- I thought that Matt Riddle did just enough to win 29-28, taking the first and third rounds, but the man has a way with the judges as well, convincing a couple of them that he won every round in that fight. I used to think Riddle needed some time out of the UFC to develop against lesser competition, but he’s getting the same opportunity inside the UFC and he’s really not progressing. John Maguire is just going to struggle in the UFC at this point in time. He’s a tricky grappler, but he’s not a great striker, not a great wrestler, and just has no way to get the fight to his world unless his opponent wants it to go there.
- Ivan Menjivar dispatched Azamat Gashimov with relative ease, which given their relative experience and position in the sport was not at all shocking. Beautiful armbar from guard, which is something relatively rarely seen these days. Menjivar is always exciting, and the UFC was smart to give him a relative softball so that he can get back in with some of the better Bantamweights in the world.
- Darren Elkins impressed me. His absolutely overpowered Steven Siler in the wrestling game, but then showed a greater ability to advance position and do damage than we’ve ever seen from him before. As the introductions were being done, I joked about his nickname being “The Damage” since he hasn’t really done any in his UFC career, but this was by far his best performance. Siler obviously took a step back in this fight, as he pulled back his aggression on the feet as soon as Elkins was able to take him down, and wasn’t able to threaten with anything from his back.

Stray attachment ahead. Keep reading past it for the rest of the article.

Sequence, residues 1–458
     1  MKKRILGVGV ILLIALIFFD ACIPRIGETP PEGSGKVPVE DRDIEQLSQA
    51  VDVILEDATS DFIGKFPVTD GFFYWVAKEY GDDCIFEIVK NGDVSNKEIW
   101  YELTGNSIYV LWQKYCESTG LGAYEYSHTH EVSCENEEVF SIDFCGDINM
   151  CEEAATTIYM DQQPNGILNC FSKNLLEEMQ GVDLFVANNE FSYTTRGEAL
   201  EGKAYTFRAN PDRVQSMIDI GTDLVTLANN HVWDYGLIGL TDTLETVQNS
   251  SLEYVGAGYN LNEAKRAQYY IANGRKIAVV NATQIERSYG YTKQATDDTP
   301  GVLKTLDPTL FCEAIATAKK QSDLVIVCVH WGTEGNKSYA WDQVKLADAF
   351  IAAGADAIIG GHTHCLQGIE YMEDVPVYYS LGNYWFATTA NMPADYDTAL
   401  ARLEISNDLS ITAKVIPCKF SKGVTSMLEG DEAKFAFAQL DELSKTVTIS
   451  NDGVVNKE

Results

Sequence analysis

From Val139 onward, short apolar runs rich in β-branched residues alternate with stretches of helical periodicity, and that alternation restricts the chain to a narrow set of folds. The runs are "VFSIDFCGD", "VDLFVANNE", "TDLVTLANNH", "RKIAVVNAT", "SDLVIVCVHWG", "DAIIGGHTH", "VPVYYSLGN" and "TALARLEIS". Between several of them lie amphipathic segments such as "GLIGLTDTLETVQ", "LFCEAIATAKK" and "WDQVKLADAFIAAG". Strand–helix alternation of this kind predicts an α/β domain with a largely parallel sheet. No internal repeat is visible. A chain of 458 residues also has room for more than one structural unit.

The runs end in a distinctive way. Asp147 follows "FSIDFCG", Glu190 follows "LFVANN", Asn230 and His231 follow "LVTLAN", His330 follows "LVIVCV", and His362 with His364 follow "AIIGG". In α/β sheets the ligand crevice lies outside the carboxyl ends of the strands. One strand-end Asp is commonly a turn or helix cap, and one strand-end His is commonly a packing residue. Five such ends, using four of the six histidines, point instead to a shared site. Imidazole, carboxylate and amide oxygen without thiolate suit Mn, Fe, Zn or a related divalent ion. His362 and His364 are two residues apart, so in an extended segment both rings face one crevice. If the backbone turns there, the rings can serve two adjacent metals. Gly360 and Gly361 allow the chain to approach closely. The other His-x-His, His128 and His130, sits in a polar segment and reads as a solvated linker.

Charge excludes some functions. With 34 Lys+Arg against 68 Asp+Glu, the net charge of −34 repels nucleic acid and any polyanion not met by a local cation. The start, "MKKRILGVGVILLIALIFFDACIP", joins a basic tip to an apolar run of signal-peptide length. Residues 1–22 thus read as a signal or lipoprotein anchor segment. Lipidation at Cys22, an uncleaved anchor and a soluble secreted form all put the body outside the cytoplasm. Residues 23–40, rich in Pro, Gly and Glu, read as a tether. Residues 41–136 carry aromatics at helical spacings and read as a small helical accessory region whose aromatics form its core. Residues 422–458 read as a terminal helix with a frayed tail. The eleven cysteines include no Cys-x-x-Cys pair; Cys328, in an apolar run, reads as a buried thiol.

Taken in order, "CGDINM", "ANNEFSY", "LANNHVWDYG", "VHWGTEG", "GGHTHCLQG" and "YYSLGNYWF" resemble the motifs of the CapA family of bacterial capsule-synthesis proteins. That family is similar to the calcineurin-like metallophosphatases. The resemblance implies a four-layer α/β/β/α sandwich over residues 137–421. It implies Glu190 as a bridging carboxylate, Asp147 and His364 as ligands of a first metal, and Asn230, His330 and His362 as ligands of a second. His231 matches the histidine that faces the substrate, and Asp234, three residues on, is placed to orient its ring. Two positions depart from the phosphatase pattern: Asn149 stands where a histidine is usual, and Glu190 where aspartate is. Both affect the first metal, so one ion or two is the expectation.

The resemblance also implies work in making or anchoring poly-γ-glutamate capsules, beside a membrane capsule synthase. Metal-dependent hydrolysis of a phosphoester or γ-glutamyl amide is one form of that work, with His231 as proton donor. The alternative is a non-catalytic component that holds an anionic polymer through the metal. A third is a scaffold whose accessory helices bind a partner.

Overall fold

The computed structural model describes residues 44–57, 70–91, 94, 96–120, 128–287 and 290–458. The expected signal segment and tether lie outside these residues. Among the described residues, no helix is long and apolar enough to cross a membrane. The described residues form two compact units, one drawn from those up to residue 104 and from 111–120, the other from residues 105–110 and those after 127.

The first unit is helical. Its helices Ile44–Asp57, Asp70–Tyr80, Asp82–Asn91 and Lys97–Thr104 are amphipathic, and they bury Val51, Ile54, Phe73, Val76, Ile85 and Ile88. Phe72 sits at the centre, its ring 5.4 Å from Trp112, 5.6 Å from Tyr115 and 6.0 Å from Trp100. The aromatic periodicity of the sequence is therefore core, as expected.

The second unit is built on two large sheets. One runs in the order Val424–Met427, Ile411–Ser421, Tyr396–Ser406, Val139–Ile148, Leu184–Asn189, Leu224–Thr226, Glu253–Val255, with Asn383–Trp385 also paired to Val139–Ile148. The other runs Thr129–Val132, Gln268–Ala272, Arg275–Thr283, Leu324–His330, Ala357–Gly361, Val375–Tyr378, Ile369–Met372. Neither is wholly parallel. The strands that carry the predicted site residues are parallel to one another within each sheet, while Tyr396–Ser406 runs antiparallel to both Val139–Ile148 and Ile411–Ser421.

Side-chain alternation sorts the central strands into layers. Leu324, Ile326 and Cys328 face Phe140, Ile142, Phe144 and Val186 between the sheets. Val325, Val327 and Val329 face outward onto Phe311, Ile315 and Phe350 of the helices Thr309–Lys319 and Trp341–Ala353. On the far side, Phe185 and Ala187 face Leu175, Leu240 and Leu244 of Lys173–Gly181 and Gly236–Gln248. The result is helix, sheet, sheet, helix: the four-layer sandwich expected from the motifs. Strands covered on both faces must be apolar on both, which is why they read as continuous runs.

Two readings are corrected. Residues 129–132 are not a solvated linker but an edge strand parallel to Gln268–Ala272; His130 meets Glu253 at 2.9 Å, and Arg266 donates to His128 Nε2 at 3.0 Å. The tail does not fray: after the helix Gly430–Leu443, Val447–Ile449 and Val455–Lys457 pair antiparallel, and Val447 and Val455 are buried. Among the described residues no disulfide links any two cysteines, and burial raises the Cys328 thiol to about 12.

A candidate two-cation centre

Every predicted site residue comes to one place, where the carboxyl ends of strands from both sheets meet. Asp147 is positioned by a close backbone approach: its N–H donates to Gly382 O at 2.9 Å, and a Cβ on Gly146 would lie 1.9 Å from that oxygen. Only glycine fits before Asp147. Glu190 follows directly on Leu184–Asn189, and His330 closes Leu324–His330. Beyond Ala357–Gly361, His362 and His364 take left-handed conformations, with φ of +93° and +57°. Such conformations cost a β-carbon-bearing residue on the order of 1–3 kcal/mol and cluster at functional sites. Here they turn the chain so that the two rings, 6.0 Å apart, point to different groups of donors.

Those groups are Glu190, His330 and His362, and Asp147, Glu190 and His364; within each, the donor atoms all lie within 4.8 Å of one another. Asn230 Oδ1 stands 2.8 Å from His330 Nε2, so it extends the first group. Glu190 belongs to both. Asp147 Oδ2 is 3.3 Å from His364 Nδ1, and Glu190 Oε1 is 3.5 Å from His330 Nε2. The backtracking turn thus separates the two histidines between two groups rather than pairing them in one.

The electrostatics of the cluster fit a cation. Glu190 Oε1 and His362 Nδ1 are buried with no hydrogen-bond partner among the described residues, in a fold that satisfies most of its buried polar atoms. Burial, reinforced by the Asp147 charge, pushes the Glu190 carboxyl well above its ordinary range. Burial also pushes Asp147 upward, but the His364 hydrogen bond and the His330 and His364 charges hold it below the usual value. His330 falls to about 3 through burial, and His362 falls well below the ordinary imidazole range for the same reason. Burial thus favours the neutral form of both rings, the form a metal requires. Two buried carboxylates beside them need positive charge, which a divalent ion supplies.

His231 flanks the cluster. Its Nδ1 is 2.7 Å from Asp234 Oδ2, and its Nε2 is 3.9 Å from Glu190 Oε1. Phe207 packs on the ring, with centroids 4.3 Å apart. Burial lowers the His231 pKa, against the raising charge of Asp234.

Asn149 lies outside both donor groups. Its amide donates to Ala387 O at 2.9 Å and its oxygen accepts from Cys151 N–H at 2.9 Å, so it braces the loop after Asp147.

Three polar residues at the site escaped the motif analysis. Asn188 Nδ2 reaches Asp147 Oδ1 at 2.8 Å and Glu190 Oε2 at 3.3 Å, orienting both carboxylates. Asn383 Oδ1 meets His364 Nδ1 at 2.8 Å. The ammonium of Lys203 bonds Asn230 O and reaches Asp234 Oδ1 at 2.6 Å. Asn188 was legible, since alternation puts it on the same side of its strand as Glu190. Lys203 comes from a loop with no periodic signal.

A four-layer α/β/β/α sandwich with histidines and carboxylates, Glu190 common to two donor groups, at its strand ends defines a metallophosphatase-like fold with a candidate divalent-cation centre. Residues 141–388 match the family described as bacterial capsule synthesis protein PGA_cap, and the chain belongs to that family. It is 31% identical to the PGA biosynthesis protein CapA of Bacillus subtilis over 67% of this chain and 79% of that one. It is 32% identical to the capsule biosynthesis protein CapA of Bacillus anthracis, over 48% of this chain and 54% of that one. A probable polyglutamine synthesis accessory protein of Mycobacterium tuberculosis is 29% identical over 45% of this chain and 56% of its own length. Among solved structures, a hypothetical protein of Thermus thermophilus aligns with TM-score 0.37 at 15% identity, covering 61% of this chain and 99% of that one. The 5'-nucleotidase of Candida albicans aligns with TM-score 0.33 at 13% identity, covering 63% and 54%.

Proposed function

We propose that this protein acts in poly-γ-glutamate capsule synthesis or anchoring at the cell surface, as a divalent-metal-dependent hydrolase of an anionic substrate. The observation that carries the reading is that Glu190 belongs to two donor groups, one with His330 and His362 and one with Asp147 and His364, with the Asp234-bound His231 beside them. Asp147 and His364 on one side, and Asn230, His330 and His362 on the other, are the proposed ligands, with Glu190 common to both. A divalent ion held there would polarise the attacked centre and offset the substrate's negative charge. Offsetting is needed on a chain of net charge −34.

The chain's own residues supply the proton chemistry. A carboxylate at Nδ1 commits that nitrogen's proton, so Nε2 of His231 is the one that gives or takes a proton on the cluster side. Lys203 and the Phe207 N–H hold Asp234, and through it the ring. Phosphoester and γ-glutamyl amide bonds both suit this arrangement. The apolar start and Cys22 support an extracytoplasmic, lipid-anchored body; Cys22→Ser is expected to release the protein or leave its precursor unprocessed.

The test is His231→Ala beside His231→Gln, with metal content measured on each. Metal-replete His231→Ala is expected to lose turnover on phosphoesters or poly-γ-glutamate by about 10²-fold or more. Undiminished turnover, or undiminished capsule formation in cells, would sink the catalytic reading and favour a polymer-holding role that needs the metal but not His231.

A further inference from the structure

A few good performances early on, some dull activity in the middle of the event, and then great action from the four best Welterweights in the world made for an enjoyable night, and hopefully one that helps the UFC get back on track. The upcoming UFC on Fox offering, which is the best Fox effort yet, should continue the roll with some great fights designed to turn some young prospects into draws at the expense of some aging ex-champions, and just getting exposure for Lightweights Benson Henderson and Nate Diaz.